BIROn - Birkbeck Institutional Research Online

    How computational models help explain the origins of reasoning

    Mareschal, Denis and Thomas, Michael S.C. (2006) How computational models help explain the origins of reasoning. IEEE Computational Intelligence Magazine 1 (3), pp. 32-40. ISSN 1556-603x.

    Full text not available from this repository.


    Developmental psychology is ready to blossom into a modern science that focuses on causal mechanistic explanations of development rather than just describing and classifying the skills that children show at different ages. Computational models of cognitive development are formal systems that track the changes in information processing taking place as a behavior is acquired. Models are generally implemented as psychologically constrained computer simulations that learn tasks such as reasoning, categorization, and language. Their principal use is as tools for exploring mechanisms of transition (development) from one level of competence to the next during the course of cognitive development. They have been used to probe questions such as the extent of ‘pre-programmed’ or innate knowledge that exists in the infant mind, and how the sophistication of reasoning can increase with age and experience.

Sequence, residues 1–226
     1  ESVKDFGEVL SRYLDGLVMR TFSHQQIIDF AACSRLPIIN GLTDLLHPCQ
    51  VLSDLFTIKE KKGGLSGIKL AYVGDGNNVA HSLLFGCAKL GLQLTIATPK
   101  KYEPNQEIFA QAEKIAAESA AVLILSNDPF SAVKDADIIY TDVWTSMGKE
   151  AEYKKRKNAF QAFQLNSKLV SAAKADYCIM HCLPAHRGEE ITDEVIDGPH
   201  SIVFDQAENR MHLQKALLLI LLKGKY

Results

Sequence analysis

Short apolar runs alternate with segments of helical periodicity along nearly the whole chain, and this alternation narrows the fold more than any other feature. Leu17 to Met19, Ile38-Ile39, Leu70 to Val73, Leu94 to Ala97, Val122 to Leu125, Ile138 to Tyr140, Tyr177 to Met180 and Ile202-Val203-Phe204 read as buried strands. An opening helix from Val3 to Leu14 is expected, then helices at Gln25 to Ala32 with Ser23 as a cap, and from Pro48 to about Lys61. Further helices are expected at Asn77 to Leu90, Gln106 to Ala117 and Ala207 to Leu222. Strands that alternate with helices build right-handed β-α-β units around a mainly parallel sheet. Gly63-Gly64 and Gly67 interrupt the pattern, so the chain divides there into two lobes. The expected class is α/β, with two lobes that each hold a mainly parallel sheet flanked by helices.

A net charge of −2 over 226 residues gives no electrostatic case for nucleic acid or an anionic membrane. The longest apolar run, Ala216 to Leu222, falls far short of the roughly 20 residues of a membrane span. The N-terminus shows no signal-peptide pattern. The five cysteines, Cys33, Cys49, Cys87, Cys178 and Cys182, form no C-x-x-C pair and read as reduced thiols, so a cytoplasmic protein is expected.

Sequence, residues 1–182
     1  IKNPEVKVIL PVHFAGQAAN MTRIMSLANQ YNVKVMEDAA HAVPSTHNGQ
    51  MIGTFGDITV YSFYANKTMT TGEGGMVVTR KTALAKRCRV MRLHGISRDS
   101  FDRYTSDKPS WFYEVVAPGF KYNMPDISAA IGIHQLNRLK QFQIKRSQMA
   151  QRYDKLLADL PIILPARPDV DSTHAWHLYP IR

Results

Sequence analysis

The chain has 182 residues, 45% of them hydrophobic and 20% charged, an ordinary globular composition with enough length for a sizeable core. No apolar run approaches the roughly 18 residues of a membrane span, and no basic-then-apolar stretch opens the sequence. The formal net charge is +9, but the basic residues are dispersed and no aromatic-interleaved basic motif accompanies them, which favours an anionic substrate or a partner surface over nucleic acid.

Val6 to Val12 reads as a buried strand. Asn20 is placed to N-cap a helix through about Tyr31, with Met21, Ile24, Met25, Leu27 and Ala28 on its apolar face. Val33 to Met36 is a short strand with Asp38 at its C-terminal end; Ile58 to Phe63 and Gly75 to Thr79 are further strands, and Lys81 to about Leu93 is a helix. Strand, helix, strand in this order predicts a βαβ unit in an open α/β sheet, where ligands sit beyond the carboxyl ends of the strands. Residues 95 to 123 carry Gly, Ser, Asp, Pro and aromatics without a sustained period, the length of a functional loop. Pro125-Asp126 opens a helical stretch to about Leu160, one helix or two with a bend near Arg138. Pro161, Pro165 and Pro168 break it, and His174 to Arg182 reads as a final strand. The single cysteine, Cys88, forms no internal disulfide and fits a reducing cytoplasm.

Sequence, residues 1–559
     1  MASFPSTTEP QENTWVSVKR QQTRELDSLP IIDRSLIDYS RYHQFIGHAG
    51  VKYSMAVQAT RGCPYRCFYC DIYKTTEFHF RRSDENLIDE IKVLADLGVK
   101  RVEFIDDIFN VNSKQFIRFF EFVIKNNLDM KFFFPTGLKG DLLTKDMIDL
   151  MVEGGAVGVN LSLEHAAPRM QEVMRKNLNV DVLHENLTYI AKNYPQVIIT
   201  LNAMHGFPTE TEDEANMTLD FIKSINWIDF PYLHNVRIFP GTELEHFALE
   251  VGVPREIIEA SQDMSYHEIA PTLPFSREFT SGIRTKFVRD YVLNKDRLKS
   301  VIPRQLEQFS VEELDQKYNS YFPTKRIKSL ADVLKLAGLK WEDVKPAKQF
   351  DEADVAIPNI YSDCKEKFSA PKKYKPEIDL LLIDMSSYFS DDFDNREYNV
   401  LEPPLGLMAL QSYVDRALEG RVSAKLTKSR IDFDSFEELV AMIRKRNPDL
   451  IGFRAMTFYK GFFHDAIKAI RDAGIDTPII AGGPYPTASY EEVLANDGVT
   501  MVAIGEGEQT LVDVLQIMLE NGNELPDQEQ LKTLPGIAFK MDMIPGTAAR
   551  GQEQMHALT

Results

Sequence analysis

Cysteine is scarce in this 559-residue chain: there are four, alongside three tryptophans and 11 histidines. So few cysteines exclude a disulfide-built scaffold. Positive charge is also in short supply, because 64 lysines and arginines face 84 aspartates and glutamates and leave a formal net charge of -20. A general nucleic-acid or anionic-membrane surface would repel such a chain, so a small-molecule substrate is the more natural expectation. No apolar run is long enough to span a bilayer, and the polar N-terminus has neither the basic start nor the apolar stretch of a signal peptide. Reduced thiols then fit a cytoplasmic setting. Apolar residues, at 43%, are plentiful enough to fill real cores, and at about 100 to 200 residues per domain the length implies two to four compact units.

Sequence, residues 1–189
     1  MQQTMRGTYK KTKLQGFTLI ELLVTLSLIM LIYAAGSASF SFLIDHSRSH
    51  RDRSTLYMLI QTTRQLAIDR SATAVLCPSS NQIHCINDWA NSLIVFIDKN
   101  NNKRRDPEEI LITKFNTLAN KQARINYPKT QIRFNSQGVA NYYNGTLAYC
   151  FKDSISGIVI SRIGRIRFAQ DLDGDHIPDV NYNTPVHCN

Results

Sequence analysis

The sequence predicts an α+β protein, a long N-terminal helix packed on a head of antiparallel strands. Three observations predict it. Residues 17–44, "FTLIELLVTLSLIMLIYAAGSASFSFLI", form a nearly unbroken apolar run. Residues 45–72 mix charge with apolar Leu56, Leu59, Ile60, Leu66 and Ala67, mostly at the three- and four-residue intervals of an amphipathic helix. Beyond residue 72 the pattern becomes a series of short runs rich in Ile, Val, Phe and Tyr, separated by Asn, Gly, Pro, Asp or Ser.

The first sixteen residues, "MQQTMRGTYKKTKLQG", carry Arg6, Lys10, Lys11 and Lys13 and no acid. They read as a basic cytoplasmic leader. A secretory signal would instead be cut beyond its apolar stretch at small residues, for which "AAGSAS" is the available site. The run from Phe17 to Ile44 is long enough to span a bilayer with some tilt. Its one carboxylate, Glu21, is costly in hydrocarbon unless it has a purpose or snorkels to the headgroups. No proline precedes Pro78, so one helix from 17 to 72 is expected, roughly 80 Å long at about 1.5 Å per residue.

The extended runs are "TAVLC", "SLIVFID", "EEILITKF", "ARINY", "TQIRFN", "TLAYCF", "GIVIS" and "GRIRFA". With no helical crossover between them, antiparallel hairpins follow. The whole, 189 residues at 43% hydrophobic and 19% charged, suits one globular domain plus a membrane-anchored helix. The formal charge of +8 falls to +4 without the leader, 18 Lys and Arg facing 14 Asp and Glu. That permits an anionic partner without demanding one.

Item Type: Article
    Keyword(s) / Subject(s): Cognition, Computational modeling, Cybernetics, Feedback, Layout, Pediatrics, Proposals, Psychology, Speech, Visual system
    School: Birkbeck Faculties and Schools > Faculty of Science > School of Psychological Sciences
    Research Centres and Institutes: Educational Neuroscience, Centre for, Birkbeck Knowledge Lab, Brain and Cognitive Development, Centre for (CBCD)
    Depositing User: Sarah Hall
    Date Deposited: 15 Mar 2012 15:26
    Last Modified: 02 Aug 2023 16:57


    Activity Overview
    6 month trend
    6 month trend

    Additional statistics are available via IRStats2.

    Archive Staff Only (login required)

    Edit/View Item Edit/View Item